In January of this year, Nissan named Christian Meunier as head of Sales and Marketing for its US markets. And, boy is he pissed. According to Advertising Age, his first order of business was to sequester all his advertising agencies (more than three of them) into one room; tell them their work sucks and they need to fix it fast. He claimed, “… our brand is very vague. People don’t know what Nissan is all about.” The story goes that he left them to collaborate with each other for a week, only to return and find their new ideas were “shit”. Then he returned after two more weeks to find still more “shit”. He gave them one more week. And, apparently, they came through for him because they’re about to roll out the new campaign. But is this really the way to define your brand?
I find it difficult to believe you can solve a branding problem by posing an advertising challenge. The two are related but, still, completely separate disciplines, with different mindsets. Advertising is a broadcast-style, one-to-many form of communication. The brand is what is doing the communicating. People like advertising, when it’s good, but they form relationships with brands, in part, because of the communication that the brands do. But you can’t just create a single message and expect that alone to completely define the brand behind it. It takes a lot more time and hard work to establish a brand.
A man can tell a woman that he loves her. But is it true? Is he just kidding himself, mistaking lust for love? Or, worse, is he lying? The wise woman gives it some time. She hears what else he has to say. She asks around and accumulates more evidence before making a decision about how she feels about this guy.
Brands are like that. We need to hear several marketing messages before we make a decision about a brand. More than that, we need to see the brand in action. We need to hear how others have experienced it. Is it a mensch or a cad?
It’s true nobody get’s Nissan. It launched its line of automobiles, in the US, as Datsun in 1969. The reasons behind that choice of names has to do with a lot of corporate infighting, bad choices and the desire to distance the cars from Nissan’s WWII history of military manufacturing. Eventually, when the war was far enough into the rearview, and the whole country was confused about the brand, Nissan attempted to restore some simplicity by dropping the Datsun name. But the damage had been done. Nissan remained a me-too Japanese brand behind giants Honda and Toyota.
Nissan attempted to brand its line as performance vehicles by rolling out a sports car offering to serve as the line’s flagship. That was, in 1969, the Datsun 240Z. Today’s Nissan 370Z is the direct descendant and, when you allow for a few styling changes and new technology, the car really hasn’t advanced that much in the intervening decades. And it is Honda, not Nissan, that supplies engines to the IndyCar circuit. Nissan never was able to leverage that performance angle or anything else, for that matter, to move them beyond the meh, gray, nondescript brand that they are.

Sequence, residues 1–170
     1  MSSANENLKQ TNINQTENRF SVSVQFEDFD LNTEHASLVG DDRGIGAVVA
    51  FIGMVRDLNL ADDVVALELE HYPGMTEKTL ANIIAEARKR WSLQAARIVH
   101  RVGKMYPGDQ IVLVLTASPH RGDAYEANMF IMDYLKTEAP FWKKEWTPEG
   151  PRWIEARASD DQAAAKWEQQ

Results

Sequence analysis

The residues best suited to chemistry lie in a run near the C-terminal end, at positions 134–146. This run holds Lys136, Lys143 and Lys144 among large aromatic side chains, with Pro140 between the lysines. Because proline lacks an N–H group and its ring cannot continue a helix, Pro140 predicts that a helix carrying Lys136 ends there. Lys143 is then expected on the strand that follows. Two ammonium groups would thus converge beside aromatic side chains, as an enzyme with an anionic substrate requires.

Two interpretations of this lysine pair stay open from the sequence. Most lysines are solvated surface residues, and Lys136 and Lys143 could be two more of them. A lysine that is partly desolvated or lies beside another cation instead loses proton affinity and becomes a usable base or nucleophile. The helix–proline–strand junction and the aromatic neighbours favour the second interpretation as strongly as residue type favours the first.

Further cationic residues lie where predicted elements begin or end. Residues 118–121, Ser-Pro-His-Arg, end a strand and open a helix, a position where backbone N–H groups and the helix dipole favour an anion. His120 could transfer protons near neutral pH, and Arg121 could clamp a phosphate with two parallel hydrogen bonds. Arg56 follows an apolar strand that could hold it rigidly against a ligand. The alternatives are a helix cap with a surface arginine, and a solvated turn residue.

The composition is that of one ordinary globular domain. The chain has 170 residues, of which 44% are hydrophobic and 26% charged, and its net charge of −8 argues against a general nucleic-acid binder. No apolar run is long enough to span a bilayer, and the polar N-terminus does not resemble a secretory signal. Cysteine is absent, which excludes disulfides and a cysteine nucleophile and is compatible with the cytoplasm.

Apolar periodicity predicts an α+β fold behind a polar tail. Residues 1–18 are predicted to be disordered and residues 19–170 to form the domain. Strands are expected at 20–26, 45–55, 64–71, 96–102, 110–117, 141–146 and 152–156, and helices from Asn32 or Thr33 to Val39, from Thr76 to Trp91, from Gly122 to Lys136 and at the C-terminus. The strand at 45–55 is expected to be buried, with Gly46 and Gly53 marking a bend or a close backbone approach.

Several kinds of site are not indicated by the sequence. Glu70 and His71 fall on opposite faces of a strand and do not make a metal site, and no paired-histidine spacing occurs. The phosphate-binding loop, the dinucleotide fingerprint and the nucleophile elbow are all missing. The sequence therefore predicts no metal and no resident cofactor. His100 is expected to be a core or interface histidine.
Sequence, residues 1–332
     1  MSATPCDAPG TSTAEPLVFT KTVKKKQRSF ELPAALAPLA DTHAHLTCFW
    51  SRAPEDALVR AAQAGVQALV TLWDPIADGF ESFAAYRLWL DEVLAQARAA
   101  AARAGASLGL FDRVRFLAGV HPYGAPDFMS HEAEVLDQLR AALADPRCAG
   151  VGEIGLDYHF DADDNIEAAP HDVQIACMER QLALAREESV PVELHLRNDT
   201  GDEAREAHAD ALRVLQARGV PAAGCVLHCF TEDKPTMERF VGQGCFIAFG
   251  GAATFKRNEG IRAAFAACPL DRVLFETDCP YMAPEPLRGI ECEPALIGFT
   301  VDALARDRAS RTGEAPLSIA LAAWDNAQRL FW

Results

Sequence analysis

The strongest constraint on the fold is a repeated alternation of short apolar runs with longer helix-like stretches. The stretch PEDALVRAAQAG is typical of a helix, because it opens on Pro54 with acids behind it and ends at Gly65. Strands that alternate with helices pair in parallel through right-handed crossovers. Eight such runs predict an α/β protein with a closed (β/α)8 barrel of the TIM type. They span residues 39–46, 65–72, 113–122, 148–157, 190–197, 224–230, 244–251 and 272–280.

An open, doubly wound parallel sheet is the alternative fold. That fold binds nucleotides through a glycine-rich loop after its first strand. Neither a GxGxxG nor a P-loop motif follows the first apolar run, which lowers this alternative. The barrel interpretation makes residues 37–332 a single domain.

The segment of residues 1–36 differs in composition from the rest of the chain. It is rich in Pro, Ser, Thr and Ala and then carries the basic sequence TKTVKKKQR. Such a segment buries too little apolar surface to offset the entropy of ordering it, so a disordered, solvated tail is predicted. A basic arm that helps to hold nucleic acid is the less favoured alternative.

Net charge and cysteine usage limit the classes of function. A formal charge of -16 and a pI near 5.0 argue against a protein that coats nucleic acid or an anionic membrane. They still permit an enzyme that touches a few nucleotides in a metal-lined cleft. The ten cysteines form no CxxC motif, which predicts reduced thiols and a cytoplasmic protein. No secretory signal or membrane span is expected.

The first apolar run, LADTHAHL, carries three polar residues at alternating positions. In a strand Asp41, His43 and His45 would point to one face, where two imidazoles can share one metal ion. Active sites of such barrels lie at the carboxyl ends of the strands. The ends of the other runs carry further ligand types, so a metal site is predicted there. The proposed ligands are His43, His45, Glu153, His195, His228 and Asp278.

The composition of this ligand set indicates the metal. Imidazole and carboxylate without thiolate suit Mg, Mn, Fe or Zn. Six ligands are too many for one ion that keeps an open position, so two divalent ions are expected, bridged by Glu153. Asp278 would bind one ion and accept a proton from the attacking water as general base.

It’s no use terrorizing your advertising guys until they soil themselves. If your brand is vague, you have to address that problem directly. Conduct a formal brand exploration. Talk to your customers. Talk to people who looked at your brand but bought something else. Talk to car buyers who never even considered a Nissan. Talk to all your constituencies. Measure yourself against your competition. Conduct a full audit of your communications including, yes, your advertising. Maybe you have too many ad agencies? Maybe that’s contributing to the problem, making it difficult to project a consistent point of view?
Bottom line, find out, once and for all, who you are. Determine your unique, differentiating brand promise. Then own it. If you need to, plan a strategy to get from where you are to where you want to be. Make sure it’s a realistic plan.
Then … and only then … is it possible to create an advertising message that's likely to carry your brand forward.
Best Branding Reads – Week of April 4, 2016
Finding Employee Brand Evangelists
If you let them, your employees will champion your brand.
Musk Unveils Tesla Model 3 with Much Fanfare—and Vague Delivery Date
Tesla lives up to its brand promise: No promises.
Game Plan: MLB Makes Strong Marketing Pitch as Season Set to Open
Those of us who love baseball always dread any effort to “improve” it.
4 Questions That Unlock Brand Potential
You’ll find these questions about your brand are tough to answer. But answer them, you must.
The Psychology of Color in Marketing and Branding
Sigh. Another article about color in marketing. Take with a grain of salt.
New Logo for Morrisons
I find this redesign much more refreshing than the reviewer does.
Why “digital strategy” should be nixed from your lexicon
First there was marketing. Then there was “digital marketing”. Now, thankfully, it’s just marketing again.